As employees and workers begin to return to their workplaces there are specific legal issues that businesses need to know. Alex Christen looks at the issues licensed sponsors should be aware of to ensure they remain compliant with their sponsor duties as well as key immigration considerations for all employers.
Ending furlough for licensed sponsors
Many sponsors will have furloughed employees (and for more information on furloughing sponsored employees, see our article here), but what are their responsibilities when furlough ends?
As a minimum, you should immediately return the pay of sponsored employees to their pre-furlough level (unless you topped up pay to 100% during furlough). You should also update your sponsor management system to confirm that your sponsored employee has returned to work and that their pay has returned to its previous level. This should be done within 10 working days of furlough leave ending.
In all other respects, your sponsored employees should not be treated any differently to your other employees. They should be notified (ideally in writing) that their furlough leave is ending and that they are to return to ‘work’. This can include working from home or, where this is not possible, to the workplace. Home working arrangements do not need to be logged in the sponsor management system but in both scenarios, you should undertake appropriate risk assessments (as you would with all employees) to ensure a safe working environment where possible.
Visa expiry dates
You should be aware of when an employee’s visa is due to expire and have diarised to discuss visa extensions with the employee in good time before the expiry date. If the visa was due to expire between 24 January 2020 and 31 May 2020, the employee’s visa should automatically have been extended or the employee should have contacted the Home Office to extend their visa until at least 31 May 2020 (or longer, if the Home Office extends this deadline). Visas for front line health and care workers and their families have been extended for longer.
If your employee is in this situation, you must ask them for evidence of the new expiry date and diarise to contact the employee again to discuss extending their right to work nearer to the new expiry date. If your employee is sponsored, and you want to continue sponsoring them, you will need to have the certificate of sponsorship ready, bearing in mind that once they are generated they must be allocated to the sponsored employee within 3 months.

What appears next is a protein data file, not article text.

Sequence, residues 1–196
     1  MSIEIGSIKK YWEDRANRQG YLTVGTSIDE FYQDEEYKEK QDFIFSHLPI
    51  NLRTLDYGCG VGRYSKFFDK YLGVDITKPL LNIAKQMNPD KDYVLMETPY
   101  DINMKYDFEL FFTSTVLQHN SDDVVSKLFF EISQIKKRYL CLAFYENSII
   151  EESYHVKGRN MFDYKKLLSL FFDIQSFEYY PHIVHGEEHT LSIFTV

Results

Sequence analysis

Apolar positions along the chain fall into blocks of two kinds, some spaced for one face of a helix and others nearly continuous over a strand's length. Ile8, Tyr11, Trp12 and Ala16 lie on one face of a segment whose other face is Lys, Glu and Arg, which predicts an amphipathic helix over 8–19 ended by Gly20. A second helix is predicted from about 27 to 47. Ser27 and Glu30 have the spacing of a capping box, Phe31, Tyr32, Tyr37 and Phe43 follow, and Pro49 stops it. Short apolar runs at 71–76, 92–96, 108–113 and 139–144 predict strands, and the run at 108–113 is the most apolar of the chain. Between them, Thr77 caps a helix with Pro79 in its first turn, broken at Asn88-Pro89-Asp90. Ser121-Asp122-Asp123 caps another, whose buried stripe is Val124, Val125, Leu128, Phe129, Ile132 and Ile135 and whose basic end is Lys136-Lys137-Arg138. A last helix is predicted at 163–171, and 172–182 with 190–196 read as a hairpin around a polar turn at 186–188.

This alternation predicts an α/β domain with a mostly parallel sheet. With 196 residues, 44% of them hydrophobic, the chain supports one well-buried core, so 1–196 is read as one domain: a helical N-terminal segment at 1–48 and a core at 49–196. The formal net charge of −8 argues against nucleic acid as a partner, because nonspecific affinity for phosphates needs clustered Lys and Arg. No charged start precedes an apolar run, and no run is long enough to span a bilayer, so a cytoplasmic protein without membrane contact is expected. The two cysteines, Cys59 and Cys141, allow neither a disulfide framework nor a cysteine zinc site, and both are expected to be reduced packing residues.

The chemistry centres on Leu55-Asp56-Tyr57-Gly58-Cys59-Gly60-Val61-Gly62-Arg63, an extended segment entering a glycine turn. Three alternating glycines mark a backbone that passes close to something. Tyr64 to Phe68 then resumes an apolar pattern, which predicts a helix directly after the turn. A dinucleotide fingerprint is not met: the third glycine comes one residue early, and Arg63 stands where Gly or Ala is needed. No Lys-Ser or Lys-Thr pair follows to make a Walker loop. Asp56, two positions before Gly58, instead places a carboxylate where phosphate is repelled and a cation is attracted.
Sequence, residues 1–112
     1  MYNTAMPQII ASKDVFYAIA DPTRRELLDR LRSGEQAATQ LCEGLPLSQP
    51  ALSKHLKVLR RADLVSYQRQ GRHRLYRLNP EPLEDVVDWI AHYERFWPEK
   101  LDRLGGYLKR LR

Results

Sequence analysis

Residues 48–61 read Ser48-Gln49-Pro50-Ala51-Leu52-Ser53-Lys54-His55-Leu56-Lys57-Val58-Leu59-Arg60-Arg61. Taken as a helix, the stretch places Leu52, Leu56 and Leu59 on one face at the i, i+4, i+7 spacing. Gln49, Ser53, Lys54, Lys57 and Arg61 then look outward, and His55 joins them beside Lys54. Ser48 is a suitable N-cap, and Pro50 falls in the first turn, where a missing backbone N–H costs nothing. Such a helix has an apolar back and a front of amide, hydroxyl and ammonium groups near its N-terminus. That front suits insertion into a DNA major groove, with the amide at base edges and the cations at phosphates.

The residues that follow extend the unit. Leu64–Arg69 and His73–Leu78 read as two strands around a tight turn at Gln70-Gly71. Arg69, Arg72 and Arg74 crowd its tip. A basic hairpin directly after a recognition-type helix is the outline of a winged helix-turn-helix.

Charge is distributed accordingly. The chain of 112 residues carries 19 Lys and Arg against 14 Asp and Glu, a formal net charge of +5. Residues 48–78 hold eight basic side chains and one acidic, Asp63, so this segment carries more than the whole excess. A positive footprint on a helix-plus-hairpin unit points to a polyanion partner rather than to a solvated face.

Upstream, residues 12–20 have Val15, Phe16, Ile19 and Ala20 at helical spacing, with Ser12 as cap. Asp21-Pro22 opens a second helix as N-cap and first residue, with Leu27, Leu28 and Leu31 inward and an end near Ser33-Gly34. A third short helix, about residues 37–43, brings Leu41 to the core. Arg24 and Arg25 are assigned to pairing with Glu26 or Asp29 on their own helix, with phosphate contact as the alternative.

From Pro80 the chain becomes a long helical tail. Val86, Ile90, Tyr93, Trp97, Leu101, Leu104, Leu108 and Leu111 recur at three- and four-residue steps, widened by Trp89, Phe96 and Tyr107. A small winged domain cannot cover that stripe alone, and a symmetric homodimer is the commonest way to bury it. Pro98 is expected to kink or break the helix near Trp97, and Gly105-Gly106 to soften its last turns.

If you have been able to recruit during the pandemic, the chances are you will have made use of the adjusted right to work checking process which allows you to check an applicant’s right to work documents over a video call. For more information on the adjusted right to work checks, see our article here.
The Home Office has not yet confirmed when these temporary checking measures will end. When they do, employers will have 8 weeks to carry out retrospective checks on any employees who started working for them during these measures or who require repeat checks. These retrospective checks must be carried out in the normal, pre-pandemic way.
This will involve asking the employee to bring their documents to the workplace so that a check can be conducted face to face, checking the document to be satisfied that it is genuine and consistent with the document holder, taking a copy of the document and marking the copy with appropriate wording. Both sets of right to work checks must be kept on the employees’ records for the duration of their employment and for 2 years afterwards. For more information see the full guidance here.
If, during the retrospective check, you find that the employee does not have the right to work in the UK, their employment must end immediately. This could happen if the employee’s right to work has ended since the adjusted check was carried out.
If you are a licensed sponsor, you may have made use of the COVID-19 concession allowing you to employ a sponsored employee from the point you issued them with a certificate of sponsorship, without having to wait for their visa to be granted. If this is the case, you must ensure the sponsored employee updates you on the progress of their application. If the application is granted, you will need to see their biometric residence permit and conduct a retrospective right to work check as set out above. If their application is refused, you must end their employment immediately.
Licensed sponsors should also be aware that their reporting duties for these sponsored employees began from the date the certificate of sponsorship was issued. While licensed sponsors will not have been able to report any activity on the sponsor management system during this time, they will need to make sure that there is a file note of any reportable activity on the sponsored employee’s file. It would be good practice to update the sponsor management system with any activity retrospectively if and when the visa is granted.
Licensed sponsors should include wording in the contracts of employment and offer letters of these sponsored employees, making continued employment conditional on their visa application being successful and also making it a contractual requirement for sponsored employees to keep their employers updated on their application progress.
Other points to consider
If you are considering making redundancies, you must ensure that sponsored or non-EEA employees are treated in the same way as all other employees. For example, you should not use selection criteria that refers to an employees’ right to work in the UK and employees should not be selected for redundancy on the basis that their right to work in the UK has or is about to end.
If you would like to discuss the above in more detail or you are interested in our sponsor management system and right to work check training sessions, please get in touch.